INDIANAPOLIS — Jenna Shaffer's idea became her life's work.
Her selfless work has earned her a Jefferson Award for Multiplying Good, which recognizes unsung heroes doing selfless work in our communities.
Shaffer is the founder and CEO of 91 Place, which launched in 2019.
The transitional housing program provided a safe space to land for children and young adults, who don't have their own place to call home. It serves young people between the ages of 17 and 22 who are homeless.
Previously, Shaffer was a case worker with an organization called Outreach, working with homeless high school students.
She surveyed the students she helped, asking what they needed.
"The consistent thing I heard was a family," Shaffer said. "I just found this consistent problem that we didn't have enough transitional housing in Indianapolis for them and it wasn't specific to what the youth needs were."
Shaffer had a dream and just enough cash and support to create "91 Place."
Her vision and 91 Place saved Eba'Neesha Bowles.
Circumstances and tough choices left Bowles without a place to call her own, when she was finishing high school.
Shaffer worked as Bowles' caseworker.
"She visited me at school at least once a week," Bowles said, "And anything that I needed, we would handle that. That's how i found out about 91 Place. She gave me the opportunity to come live there, when I didn't know what I was going to do."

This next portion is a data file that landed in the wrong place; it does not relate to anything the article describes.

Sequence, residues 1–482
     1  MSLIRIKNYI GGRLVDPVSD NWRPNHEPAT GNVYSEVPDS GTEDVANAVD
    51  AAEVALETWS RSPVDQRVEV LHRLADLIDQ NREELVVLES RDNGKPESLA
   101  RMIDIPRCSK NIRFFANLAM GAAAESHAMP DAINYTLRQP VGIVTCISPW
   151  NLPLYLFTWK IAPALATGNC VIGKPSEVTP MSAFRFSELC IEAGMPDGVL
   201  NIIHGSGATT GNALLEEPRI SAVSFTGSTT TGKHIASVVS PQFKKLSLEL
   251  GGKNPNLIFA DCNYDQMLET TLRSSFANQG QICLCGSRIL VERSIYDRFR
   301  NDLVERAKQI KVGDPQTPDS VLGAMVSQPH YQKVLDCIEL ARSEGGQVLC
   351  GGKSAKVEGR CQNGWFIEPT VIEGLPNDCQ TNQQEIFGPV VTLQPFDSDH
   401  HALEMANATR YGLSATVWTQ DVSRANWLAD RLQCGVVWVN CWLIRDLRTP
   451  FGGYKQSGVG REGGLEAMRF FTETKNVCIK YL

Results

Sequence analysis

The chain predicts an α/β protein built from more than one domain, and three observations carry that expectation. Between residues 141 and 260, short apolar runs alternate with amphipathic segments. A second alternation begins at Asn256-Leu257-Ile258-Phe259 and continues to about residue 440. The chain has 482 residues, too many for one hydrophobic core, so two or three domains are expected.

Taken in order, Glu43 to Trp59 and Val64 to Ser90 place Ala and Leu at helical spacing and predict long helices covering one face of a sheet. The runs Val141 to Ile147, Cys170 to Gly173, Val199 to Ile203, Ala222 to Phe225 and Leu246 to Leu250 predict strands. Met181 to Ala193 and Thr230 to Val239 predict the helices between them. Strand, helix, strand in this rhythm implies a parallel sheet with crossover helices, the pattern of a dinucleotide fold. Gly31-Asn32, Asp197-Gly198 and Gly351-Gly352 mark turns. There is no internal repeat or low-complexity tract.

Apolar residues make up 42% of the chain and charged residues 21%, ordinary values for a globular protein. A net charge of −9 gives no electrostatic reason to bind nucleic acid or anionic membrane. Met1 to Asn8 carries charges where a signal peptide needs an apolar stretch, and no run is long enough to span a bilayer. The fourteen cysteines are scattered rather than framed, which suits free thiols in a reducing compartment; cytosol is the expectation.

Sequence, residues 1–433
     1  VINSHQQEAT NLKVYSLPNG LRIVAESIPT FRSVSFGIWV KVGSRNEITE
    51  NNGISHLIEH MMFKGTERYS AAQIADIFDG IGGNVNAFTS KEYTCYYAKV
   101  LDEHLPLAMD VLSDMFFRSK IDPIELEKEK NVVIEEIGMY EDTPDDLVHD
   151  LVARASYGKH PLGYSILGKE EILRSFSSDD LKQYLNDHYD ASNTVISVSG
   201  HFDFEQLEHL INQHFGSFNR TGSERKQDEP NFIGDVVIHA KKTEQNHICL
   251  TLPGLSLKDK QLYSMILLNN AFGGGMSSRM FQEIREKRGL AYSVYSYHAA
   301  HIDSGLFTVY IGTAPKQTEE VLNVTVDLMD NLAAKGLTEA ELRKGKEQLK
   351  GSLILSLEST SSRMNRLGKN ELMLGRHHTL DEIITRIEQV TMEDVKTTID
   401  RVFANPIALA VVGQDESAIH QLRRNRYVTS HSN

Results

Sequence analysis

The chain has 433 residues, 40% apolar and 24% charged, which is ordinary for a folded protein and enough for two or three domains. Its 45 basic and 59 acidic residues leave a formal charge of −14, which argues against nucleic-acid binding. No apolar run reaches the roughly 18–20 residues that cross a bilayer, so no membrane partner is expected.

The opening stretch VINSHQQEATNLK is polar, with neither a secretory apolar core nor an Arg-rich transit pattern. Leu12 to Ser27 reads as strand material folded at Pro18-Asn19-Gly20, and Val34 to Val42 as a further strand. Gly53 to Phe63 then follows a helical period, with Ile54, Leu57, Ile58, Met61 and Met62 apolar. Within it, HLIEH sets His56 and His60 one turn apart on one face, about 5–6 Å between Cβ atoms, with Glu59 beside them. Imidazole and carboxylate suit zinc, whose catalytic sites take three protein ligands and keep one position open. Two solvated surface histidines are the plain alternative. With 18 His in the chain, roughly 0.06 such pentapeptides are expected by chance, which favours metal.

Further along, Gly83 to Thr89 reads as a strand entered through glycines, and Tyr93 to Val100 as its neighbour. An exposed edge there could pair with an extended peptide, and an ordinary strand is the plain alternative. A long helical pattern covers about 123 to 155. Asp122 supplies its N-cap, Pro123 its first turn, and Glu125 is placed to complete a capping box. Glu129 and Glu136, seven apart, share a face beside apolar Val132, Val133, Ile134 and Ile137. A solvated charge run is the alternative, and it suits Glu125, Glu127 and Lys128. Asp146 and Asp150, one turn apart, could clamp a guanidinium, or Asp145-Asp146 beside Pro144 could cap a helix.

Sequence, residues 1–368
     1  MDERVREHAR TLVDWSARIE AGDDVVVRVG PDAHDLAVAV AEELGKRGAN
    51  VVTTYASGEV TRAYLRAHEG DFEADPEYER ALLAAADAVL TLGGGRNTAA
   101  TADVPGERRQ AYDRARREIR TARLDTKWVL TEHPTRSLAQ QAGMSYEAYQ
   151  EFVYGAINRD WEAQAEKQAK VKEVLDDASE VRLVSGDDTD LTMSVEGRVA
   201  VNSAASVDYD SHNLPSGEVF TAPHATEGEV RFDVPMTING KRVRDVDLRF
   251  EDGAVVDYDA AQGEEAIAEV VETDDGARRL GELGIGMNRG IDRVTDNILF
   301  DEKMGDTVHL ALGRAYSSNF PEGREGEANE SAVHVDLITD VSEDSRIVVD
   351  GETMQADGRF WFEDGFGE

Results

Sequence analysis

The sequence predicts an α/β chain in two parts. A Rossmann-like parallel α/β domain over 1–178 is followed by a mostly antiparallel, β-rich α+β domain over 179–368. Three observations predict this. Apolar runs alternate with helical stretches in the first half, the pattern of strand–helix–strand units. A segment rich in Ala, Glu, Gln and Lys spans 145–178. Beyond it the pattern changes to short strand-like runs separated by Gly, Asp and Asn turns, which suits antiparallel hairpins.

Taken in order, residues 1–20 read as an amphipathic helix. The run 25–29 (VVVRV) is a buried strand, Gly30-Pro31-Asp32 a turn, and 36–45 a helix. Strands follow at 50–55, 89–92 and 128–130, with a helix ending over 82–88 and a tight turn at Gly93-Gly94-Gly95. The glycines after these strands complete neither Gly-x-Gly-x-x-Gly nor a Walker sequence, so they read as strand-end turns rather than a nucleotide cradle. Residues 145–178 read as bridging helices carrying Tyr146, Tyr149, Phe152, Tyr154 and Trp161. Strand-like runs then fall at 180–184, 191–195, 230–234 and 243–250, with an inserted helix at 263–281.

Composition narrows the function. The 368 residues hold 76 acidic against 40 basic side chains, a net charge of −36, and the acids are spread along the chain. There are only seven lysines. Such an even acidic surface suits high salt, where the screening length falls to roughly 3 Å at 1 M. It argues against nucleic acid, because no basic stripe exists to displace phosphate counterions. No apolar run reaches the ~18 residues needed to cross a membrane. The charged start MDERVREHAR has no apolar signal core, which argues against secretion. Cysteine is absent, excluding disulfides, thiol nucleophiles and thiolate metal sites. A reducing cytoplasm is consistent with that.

Karynn Adamowicz nominated Shaffer for the Jefferson Award for Multiplying Good.
"These kids are an extension of her family," Adamowicz said. "She pours her heart and soul into what she's doing at 91 Place. She's not doing it for a face on a billboard or anything. She's doing this to serve and to empower these other human beings, to dignify these youth who have, many times, just come from such tragedy."
Adamowicz believes in the mission of the program and has been working for the 91 Place program, focusing on fundraising.
Hard work, dedication, fundraising, advocacy and grant writing all helped to grow "91 Place", which not only is expanding to include three group homes, but also offers assistance to help young adults return to school, to find jobs, and to obtain their own housing.
Additionally, 91 Place provides mental health resources and therapy.
Shaffer says she loves what she does.
"I love cultivating family," Shaffer said. "I just love knowing that we run a home, but it's a family. To me, it's so much more than a nonprofit or a passion project."
Shaffer says she and her husband and young daughter spend all their holidays at the 91 Place homes.
Last year, "91 Place" received a $3 million grant from the City of Indianapolis, as part of the city's violence reduction program.
As it expands, Shafferneeds help.
She's looking to hire house mentors, case managers, and therapists.
In fact, Eba'neesha Bowles says, one day, she wants to return to "91 Place" as a house mentor herself.
For now, thanks to the help she received from Shaffer and her program, Bowles is living on her own and working as a mentor at the Boys & Girls Club.